When "Half a Sixpence" transferred from the West End to Broadway in 1965, the tuner had the ingratiating Brit charmer Tommy Steele as rags-to-riches-to-rags shop clerk Arthur Kipps, the exuberant choreography of Onna White and some dandy music hall ditties.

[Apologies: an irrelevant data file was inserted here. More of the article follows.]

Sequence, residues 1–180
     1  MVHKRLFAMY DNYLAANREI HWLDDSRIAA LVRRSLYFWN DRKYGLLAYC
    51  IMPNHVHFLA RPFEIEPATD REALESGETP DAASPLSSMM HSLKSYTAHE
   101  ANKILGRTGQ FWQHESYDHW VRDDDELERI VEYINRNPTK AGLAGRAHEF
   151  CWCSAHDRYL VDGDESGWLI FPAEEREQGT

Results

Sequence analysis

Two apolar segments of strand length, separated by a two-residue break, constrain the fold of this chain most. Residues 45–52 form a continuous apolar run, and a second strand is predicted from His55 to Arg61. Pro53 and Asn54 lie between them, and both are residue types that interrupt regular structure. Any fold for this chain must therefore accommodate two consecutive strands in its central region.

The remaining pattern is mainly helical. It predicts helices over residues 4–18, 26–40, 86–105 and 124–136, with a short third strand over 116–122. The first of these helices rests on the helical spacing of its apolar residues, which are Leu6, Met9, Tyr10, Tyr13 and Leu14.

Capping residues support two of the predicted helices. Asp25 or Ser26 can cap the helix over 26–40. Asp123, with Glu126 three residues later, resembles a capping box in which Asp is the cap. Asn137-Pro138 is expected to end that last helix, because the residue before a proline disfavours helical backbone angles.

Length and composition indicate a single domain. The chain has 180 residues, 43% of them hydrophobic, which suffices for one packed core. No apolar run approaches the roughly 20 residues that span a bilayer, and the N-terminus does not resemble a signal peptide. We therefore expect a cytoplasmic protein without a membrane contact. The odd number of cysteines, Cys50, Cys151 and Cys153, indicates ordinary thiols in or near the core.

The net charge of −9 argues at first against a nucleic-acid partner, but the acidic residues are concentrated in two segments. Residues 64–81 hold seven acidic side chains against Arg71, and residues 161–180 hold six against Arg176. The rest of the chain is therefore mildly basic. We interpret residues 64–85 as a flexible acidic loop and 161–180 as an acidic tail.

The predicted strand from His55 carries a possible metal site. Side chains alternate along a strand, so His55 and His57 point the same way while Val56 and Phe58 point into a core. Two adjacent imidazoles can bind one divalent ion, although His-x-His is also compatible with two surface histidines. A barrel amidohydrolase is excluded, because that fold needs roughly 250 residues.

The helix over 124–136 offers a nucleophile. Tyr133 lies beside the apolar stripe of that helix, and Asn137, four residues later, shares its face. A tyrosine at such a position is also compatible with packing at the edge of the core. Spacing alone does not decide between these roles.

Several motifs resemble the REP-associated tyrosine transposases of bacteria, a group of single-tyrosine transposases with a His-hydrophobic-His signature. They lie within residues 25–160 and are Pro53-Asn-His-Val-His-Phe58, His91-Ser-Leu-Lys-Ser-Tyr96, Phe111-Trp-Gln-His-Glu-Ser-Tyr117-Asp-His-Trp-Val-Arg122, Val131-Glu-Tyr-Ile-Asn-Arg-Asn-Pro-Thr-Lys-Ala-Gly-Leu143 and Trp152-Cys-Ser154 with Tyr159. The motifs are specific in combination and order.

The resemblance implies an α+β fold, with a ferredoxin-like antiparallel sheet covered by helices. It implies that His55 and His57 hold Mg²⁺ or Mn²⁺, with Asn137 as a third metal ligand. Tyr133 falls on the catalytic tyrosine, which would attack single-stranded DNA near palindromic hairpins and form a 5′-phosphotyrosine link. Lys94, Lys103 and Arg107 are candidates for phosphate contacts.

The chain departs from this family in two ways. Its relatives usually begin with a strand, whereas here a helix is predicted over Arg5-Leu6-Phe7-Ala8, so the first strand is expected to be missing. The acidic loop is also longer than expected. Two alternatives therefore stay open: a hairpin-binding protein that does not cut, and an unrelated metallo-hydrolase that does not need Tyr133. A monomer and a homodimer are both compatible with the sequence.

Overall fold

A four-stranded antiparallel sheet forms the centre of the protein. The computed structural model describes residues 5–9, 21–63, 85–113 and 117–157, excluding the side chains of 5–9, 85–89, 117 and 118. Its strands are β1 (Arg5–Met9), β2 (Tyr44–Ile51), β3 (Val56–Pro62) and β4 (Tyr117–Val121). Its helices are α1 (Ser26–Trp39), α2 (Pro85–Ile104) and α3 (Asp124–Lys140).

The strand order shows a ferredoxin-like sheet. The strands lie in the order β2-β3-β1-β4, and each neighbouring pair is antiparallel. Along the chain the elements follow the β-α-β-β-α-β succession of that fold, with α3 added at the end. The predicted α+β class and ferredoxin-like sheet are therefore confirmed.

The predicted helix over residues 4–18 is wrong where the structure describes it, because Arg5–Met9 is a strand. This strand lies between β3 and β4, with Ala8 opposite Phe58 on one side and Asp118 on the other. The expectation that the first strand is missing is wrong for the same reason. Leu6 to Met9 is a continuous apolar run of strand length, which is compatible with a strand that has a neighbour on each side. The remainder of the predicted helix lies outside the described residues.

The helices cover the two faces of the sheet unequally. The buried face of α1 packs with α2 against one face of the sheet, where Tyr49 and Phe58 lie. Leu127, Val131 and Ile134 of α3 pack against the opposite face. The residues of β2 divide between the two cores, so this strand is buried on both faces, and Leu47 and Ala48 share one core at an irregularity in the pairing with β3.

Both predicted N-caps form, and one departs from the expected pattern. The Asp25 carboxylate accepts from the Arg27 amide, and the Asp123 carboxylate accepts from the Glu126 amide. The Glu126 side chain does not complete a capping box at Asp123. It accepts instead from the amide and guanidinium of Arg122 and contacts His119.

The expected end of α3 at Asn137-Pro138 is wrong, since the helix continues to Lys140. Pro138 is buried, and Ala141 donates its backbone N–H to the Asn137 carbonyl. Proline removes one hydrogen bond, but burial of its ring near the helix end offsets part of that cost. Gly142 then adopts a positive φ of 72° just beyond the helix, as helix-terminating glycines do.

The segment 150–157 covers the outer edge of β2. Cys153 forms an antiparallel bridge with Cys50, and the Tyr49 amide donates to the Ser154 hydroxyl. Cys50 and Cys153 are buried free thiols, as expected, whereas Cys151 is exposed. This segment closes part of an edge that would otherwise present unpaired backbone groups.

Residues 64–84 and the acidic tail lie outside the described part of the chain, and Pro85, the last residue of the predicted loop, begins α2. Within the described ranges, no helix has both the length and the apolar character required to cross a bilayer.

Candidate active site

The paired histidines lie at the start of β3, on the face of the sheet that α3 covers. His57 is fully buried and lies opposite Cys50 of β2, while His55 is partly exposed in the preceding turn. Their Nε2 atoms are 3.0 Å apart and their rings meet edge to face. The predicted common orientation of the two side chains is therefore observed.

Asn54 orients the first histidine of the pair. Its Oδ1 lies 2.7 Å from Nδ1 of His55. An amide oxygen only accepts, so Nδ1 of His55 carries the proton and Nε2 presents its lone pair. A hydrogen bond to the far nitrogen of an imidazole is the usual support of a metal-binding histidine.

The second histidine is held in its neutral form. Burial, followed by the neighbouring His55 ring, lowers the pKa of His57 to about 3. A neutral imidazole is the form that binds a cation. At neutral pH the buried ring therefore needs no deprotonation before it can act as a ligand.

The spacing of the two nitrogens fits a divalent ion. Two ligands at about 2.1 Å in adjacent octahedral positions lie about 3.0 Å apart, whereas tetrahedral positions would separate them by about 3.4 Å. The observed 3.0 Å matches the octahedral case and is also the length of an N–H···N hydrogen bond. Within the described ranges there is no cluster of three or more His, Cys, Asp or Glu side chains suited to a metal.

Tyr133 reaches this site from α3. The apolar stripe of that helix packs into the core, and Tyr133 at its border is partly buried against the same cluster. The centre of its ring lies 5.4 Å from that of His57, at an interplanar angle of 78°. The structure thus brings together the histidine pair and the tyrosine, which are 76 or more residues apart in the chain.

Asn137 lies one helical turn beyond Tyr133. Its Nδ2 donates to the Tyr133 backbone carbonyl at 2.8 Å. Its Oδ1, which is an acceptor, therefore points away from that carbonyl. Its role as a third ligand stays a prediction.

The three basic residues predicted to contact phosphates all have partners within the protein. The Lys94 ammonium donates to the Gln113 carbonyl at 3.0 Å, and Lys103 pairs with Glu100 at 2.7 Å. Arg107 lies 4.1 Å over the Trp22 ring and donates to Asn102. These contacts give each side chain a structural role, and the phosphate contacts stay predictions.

When “Half a Sixpence” transferred from the West End to Broadway in 1965, the tuner had the ingratiating Brit charmer Tommy Steele as rags-to-riches-to-rags shop clerk Arthur Kipps, the exuberant choreography of Onna White and some dandy music hall ditties. David Heneker’s songs are still infectious in the Goodspeed Musicals production, which also boasts a plucky lead and dazzling dancing. But the rarely revived show itself is thin, twee and unmoving. While it has plenty of mindlessly fun numbers, the musical feels especially quaint in the “Half a Euro” era.The inelegantly plotted and less-than-witty script by Beverley Cross follows H.G. Wells’ 1904 story of a poor, sweet-natured clerk who becomes rich the old-fashioned, British way: He inherits a fortune. As he tries to adapt to his newly-found upper-class life, he loses his old sweetheart and his sense of self. Problem with the book is that there’s not much self there. Wells’ subtitle was “The Story of a Simple Soul” and the musical takes that too much to heart, turning Kipps (Jon Peterson) into a smiling dolt in the first half and a declasse guy in the second, who’s gotten too big for his tailored britches. There’s also more than a whiff of class containment which may be why American auds never wholeheartedly embraced the show. Though the rich here are mostly portrayed as twits and snobs, the message remains that people are happier when they stick to their own kind. As the ingenue sings in the second act, she knows who she is (and her place). But dreaming small is not the stuff of American musicals. What auds do respond to is all-out music hall entertainment and “Half a Sixpence” is loaded with these numbers. Show starts off with one terrific song after another: a satirical waltz to frugality (“All in the Cause of Economy”), a delightful soft-shoe of a love sing (the title number) and a banjo-strumming foot-stomper, “Money to Burn.” The original show was tailored to the talents of Steele and the character of Kipps is in nine of the 11 numbers, a huge role that has him off stage only for quick costume changes. Peterson brings his own dimpled charm, pliable physicality and ever-ready energy to the part. His entire head of hair in a perpetual cowlick, the actor looks like a scruffy puppy ready to adopt, and he has the audience at ” ‘ello.” But the score, not the script, is where the character and performance shine. Savvy helmer Gordon Greenberg adds his own offbeat touches to cut through the cute, such as casting tall, dark, coltish beauty Sara Gettelfinger as the mezzo ingenue. This makes the romantic leads a quirky yet endearing pair. There’s fine support all round, especially from Wes Hart, Danny Gardiner and Cameron Henderson as Kipps’ upbeat pals and Cheryl McMahon as a proper dowager. But next to Peterson the other true star of the show is the dancing ensemble under choreographer Patti Colombo, whose work evokes the athleticism of Michael Kidd with the prop-happy cleverness of Susan Stroman. Colombo is not only a master of Goodspeed’s minuscule domain but a creative force on any tight stage. The show’s precious aspects suit Goodspeed’s Victorian environment as do design elements such as Rob Bissinger’s painted backdrops and David C. Woolard’s costume finery. Score is brightly re-imagined for the small ensemble under the music direction of Michael O’Flaherty.